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     His house is said to still stand at "Pender Zeke Gardiner's Corner," which is the junction of Pendar and Shermantown Roads. Left-over lumber for the house supposedly was used to build another across the street. There are gambrel-roofed houses at this corner that are very likely these houses.

These are the houses built for Benoni at "Pender Zeke's Corner" in North Kingstown. They appear to be at least very similar in plan. The shape of the houses, the layout of the doors and windows and the chimneys either certainly or probably date to the original construction, but the windows themselves, all of the dormer window construction, the sidelights, portico and other decorations at the the doorways are not. More research on this is needed to find out who lived in these houses and when.

     Benjamin sold 2 acres of land on which the Narragansett Anglican Church (now St. Paul's) was built in 1707. It was on the south side of Shermantown Road to the west of the Sweet houses. The site is marked by the cemetery associated with the church. The church was moved to the village of Wickford in 1800 to better serve a congregation that had changed from rural to "urban." After a new church was built the old building was neglected for many years. It has since been restored and can be found on Church Lane.
     Benoni is said to have been called "Bonesetter Sweet," the tradition being that bonesetting, particularly from dislocation, became a family skill carried down through the 19th century. He was also a captain in the local militia.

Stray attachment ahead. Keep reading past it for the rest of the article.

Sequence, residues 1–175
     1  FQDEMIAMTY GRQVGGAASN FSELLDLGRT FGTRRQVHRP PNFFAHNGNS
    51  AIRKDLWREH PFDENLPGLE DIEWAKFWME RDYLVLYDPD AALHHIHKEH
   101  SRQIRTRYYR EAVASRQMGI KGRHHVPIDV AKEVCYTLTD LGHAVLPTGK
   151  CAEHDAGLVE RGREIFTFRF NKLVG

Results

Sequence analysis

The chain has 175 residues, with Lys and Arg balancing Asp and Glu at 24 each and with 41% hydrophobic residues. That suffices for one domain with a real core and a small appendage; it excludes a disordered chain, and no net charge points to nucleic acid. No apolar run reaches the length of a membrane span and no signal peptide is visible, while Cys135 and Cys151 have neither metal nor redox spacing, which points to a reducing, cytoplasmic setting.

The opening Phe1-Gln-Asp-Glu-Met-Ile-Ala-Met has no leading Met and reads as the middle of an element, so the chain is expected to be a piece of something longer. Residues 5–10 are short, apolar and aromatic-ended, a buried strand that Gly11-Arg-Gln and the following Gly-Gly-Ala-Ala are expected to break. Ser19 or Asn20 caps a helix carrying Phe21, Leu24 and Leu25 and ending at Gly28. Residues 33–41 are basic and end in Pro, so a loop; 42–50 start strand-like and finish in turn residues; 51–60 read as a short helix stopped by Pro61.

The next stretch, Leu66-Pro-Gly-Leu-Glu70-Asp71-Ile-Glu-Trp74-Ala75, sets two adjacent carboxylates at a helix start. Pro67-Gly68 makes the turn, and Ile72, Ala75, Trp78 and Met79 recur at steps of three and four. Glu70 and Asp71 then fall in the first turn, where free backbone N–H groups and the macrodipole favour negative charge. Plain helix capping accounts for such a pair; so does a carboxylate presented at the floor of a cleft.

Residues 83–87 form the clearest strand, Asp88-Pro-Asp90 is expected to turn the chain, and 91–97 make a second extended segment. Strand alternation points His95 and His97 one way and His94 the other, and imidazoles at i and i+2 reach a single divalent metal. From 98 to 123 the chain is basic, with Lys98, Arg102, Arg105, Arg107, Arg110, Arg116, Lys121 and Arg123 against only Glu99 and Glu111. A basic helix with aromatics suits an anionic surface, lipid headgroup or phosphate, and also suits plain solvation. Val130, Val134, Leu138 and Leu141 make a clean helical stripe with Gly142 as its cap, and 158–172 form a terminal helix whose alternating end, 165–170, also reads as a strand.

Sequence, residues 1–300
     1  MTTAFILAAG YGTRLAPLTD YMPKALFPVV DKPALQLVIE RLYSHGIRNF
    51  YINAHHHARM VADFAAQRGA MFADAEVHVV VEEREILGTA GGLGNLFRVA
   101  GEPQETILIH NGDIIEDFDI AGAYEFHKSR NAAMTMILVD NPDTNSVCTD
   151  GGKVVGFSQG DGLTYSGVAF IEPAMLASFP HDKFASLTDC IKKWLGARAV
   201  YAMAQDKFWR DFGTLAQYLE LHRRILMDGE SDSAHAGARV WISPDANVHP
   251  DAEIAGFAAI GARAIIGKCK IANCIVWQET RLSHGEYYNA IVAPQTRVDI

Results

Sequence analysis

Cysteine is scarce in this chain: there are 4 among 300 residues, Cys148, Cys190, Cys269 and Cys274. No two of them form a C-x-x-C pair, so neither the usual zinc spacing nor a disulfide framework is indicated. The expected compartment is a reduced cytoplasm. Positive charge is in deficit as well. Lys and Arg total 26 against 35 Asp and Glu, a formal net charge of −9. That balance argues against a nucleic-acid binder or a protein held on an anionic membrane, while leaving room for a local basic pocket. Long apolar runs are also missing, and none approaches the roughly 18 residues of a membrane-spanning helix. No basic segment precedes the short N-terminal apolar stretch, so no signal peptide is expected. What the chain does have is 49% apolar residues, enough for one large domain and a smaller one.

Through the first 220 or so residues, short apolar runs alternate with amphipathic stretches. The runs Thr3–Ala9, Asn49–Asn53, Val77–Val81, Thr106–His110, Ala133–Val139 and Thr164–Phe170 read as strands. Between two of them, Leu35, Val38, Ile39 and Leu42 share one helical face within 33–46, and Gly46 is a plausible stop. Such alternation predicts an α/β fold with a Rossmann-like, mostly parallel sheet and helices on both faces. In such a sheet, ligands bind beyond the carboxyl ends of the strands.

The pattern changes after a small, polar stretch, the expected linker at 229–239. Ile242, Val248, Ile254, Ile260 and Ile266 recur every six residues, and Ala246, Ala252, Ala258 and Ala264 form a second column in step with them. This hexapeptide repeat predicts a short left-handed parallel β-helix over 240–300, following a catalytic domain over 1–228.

On 8 November 1724, Benoni was baptized by Rev. James McSparran at St. Paul's Church. Benoni became an active member of the church and appears to have had a personal association with MacSparran. His pew was next to the minister's. He was voted a vestryman for nearly every year between 1725 and 1734. There is a In the minister's diary, he mentions that "Capt. Sweet came and I wrote his will" on 30 May 1745. Another entry, dated 19 July 1751, says "Joseph Jesse came to me on a message from Betty Sweet, to attend her husband's Capt. Sweet's funeral tomorrow; he had died ys Morning." The next day, "Tom has bro't Mors mare for me to ride to Capt. Sweet's Funeral." In the church records, an entry is found for 19 July stating "being Friday, early in the morning died Capt. Benoni Sweet of N: Kingstowne in ye 90th year of his Age, into wch year 90 he entered the 28th Day of March last. Dr. MacSparran preached his Funeral Sermon in Saturday the 20th and buried him in ye Cemetery of his Ancestors.
     There is a cryptic reference in McSparran's diary to the "Clinick" baptism (administered to those thought to be deathly ill) of a woman who claimed to be Benoni's daughter. She was Mary Sweet, aged 23, who was baptized at the house of Phillip Briggs in North Kingstown on 27 May 1734. This was unlikely to have been Benoni and Betty's daughter Mary, not only since there appears to have only been one, born in 1696, but the circumstances of the baptism appear not to indicate a fully sanctioned event in the eyes of the church. Was she "illigitimate?" (1)

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all text and photographs © 1998-2010 by Doug Sinclair unless where otherwise noted